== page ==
Richard Linklater has proved himself a master of capturing on film something that seems very much like real life. In Boyhood, he creates a picture rich in the details of human experience. This really is a movie unlike any other, writes Kurt Loder. Boyhood was assembled over the course of 12 years, with Linklater calling the main actors back each year to spend a few days adjusting the script and shooting the picture's next installment. The result of this risky gambit (what if one or more of the performers had been unavailable for one or more years?) is a movie that draws us deeply into its story, holding us absorbed as the characters evolve in resonant ways and we watch the gathering years pass slowly across the actors' faces.
Surely Rudy Giuliani's 'Conclusive Proof' of Machine-Based Election Fraud Will Save Him From Dominion's $1.3 Billion Defamation Lawsuit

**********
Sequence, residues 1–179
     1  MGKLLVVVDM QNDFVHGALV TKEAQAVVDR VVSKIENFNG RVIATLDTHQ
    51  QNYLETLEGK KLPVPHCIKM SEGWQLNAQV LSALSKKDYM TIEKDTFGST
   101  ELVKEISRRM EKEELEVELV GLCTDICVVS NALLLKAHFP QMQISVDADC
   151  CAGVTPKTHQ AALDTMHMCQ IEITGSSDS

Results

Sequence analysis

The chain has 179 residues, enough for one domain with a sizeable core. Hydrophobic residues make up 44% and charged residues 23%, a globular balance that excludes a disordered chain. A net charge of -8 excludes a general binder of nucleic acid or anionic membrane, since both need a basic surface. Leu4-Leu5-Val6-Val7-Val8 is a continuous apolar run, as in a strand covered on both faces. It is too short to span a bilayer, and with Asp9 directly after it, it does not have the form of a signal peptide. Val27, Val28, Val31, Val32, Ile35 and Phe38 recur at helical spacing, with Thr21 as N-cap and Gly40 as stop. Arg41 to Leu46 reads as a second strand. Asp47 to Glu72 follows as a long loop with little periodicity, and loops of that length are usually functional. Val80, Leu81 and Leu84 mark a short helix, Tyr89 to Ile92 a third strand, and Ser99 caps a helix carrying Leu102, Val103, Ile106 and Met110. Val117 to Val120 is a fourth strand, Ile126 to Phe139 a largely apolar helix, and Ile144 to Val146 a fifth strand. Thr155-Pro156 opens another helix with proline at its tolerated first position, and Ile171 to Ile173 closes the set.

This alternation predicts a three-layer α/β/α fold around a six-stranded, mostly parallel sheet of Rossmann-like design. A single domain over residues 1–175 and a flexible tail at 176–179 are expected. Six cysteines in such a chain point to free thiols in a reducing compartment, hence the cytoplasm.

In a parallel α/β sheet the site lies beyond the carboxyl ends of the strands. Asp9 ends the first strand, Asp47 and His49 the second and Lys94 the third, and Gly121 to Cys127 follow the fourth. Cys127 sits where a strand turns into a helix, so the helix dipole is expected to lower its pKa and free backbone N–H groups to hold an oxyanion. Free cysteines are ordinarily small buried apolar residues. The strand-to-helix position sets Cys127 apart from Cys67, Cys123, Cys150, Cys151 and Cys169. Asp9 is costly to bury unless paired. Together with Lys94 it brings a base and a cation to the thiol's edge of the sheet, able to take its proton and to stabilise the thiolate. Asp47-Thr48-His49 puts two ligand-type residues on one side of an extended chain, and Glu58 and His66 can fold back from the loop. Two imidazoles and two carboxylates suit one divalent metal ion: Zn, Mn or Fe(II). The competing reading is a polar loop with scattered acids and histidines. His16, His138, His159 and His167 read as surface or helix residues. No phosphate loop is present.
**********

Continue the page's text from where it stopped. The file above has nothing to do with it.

The company says Donald Trump's leading lawyer perpetrated "a viral disinformation campaign" based on "demonstrably false" charges.
"The only people who broke the law here were the police officers and TBI agents who participated in this flagrantly unconstitutional arrest."
The Washington Post Tried To Memory-Hole Kamala Harris' Bad Joke About Inmates Begging for Food and Water
At a time when legacy publications are increasingly seen as playing for one political "team" or the other, this type of editorial decision will not do anything to fix that perception.
Union leaders shame parents, arguing that equity gaps will widen if parents pull their children out of public schools.